A new study finds that an experimental skin patch shows promise in treating children who are severely allergic to peanuts.
WASHINGTON — An experimental skin patch shows promise for treating toddlers with severe peanut allergies — training their bodies to handle an accidental bite.
Peanut allergy is one of the most common and dangerous food allergies. Parents of allergic children are constantly on guard against exposures that can turn birthday parties and play dates into emergency room visits.
No cure. The only treatment is for children 4 and older who can eat a special peanut powder to protect against a severe reaction.
The patch, named Viaskin, aims to deliver that kind of treatment through the skin instead. In a large trial among youngsters ages 1 to 3, it helped those who could not tolerate even a small portion of peanuts safely eat some, researchers reported Wednesday.
If there is further testing, “it will fill a huge unmet need,” said Dr. Matthew Greenhawt, an allergist at Children’s Hospital Colorado who helped lead the study.
About 2% of US children are allergic to peanuts, some so severe that even a small amount can cause a life-threatening reaction. Their immune system overreacts to foods containing peanuts, triggering an inflammatory cascade that causes rashes, wheezing or worse. Some young people outgrow the allergy but most should avoid peanuts for life and carry rescue medication to prevent a severe reaction if they accidentally ingest some.
In 2020, the Food and Drug Administration approved the first treatment to induce tolerance to peanuts –– an “oral immunotherapy” named Palforzia that children ages 4 to 17 take daily to maintain protection. Aimmune Therapeutics’ Palforzia is also being tested in children.
France’s DBV Technologies is pursuing skin-based immunotherapy as an alternative way to desensitize the body to allergens.
The Viaskin patch is coated with a small amount of peanut protein that is absorbed into the skin. The daily patch is worn between the shoulder blades, where children cannot remove it.
In the new study, 362 children with peanut allergies were first tested to see how high a dose of peanut protein they could tolerate. They were then randomly assigned to use the Viaskin patch or a dummy patch every day.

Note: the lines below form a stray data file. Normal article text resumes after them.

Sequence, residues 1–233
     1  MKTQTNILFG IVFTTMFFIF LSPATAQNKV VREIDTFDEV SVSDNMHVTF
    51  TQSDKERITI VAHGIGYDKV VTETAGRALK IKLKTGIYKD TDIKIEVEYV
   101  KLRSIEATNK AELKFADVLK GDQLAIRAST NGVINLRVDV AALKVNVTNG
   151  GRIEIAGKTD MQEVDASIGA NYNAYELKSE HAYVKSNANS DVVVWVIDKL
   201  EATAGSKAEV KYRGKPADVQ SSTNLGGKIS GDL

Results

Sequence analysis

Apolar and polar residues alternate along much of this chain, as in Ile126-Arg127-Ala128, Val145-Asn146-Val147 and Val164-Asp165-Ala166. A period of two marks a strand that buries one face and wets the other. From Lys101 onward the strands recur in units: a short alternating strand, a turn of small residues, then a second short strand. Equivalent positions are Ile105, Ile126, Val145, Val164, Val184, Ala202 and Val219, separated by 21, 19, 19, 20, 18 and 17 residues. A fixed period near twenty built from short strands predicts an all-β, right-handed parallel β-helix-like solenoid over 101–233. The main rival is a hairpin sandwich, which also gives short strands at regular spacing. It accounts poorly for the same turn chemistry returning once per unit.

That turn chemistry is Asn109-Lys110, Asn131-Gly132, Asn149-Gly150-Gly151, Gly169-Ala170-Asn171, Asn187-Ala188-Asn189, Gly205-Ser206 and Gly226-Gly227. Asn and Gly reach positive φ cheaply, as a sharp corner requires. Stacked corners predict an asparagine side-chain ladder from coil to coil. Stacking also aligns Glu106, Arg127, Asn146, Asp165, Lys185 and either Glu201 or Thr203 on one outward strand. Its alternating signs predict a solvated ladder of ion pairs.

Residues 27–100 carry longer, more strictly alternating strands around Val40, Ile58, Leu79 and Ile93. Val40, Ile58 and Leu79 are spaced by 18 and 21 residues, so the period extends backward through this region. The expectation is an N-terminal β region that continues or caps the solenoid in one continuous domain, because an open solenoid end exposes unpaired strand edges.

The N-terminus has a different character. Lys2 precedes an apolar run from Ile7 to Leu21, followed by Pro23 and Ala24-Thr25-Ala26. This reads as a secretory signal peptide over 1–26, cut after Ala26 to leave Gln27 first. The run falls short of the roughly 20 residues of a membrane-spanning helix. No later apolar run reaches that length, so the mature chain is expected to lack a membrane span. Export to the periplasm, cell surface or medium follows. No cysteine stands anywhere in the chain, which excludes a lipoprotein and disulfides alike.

After a year of treatment, they were tested again and about two-thirds of the young children who used the real patch could safely eat more peanuts, the equivalent of three to four, the researchers concluded. .
That’s compared to about a third of the teens who were given the dummy patch. Greenhawt said they are likely to include children who develop allergies.
For safety, four Viaskin recipients experienced an allergic reaction called anaphylaxis that was considered related to the patch. Three were treated with epinephrine to calm the reaction, and one dropped out of the study.
Some young people accidentally ate foods containing peanuts during the study, and researchers said allergic reactions were more frequent in Viaskin users than in those wearing the dummy patch. The most common side effect is skin irritation at the patch site.
The findings were published in the New England Journal of Medicine.
The results are “excellent news for toddlers and their families as the next step toward a future with more treatments for food allergies,” wrote Dr. Alkis Togias of the National Institutes of Health, who was not involved in the study, in an accompanying editorial.
Togias cautioned that it’s too early to compare oral and skin treatments, but pointed to data suggesting each may have different pros and cons — raising the possibility that oral therapy may be more powerful. but also cause more side effects.
DBV Technologies has struggled for several years to bring the peanut patch to market. Last month the company announced that the FDA wanted some additional safety data for children, and a separate study is already tracking longer treatments. A study of 4- to 7-year-olds is also underway.
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